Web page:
Schloss discussed an example: Cleveland Cliffs, an iron ore producer. Buffett owned the stock at $18 but then sold at about that level. The steel industry went into decline. The largest shareholder sold out because he thought the industry wouldn’t recover.
Schloss bought a lot of stock at $6. Nobody wanted it. There was talk of bankruptcy. Schloss noted that if he had lived in Cleveland, he probably wouldn’t have been able to buy the stock because all the bad news would have been too close.
Soon thereafter, the company sold some assets and bought back some stock. After the stock increased a great deal from the lows, then it started getting attention from analysts.
In sum, often when an industry is doing terribly, that’s the best time to find cheap stocks. Investors avoid stocks when they’re having problems, which is why they get so cheap. Investors overreact to negative news.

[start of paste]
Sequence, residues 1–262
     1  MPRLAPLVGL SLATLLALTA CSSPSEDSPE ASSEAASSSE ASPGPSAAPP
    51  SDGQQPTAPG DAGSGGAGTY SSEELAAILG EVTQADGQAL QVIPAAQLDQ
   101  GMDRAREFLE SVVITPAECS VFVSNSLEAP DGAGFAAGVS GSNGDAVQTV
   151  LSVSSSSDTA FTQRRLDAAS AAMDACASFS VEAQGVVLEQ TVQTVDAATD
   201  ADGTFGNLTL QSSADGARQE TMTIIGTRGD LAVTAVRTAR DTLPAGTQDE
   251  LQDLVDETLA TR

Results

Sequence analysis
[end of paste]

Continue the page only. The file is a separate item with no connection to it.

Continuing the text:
BUY ASSETS NOT EARNINGS
(Illustration by Teguh Jati Prasetyo)
Try to buy assets at a discount [rather] than to buy earnings. Earnings can change dramatically in a short time. Usually assets change slowly. One has to know much more about a company if one buys earnings.
Not only can earnings change dramatically; earnings can easily be manipulated—often legally. Schloss:
Ben made the point in one of his articles that if U.S. Steel wrote down their plants to a dollar, they would show very large earnings because they would not have to depreciate them anymore.
BUY BASED ON CHEAPNESS NOW, NOT CHEAPNESS LATER
Buy things based on cheapness now. Don’t buy based on cheapness relative to future earnings, which are hard to predict.
Graham developed two ways of estimating intrinsic value that don’t depend on predicting the future:
- Net asset value
- Current and past earnings
Professor Bruce Greenwald, in Value Investing (Wiley, 2004), has expanded on these two approaches.
- As Greenwald explains, book value is a good estimate of intrinsic value if book value is close to the replacement cost of the assets. The true economic value of the assets is the cost of reproducing them at current prices.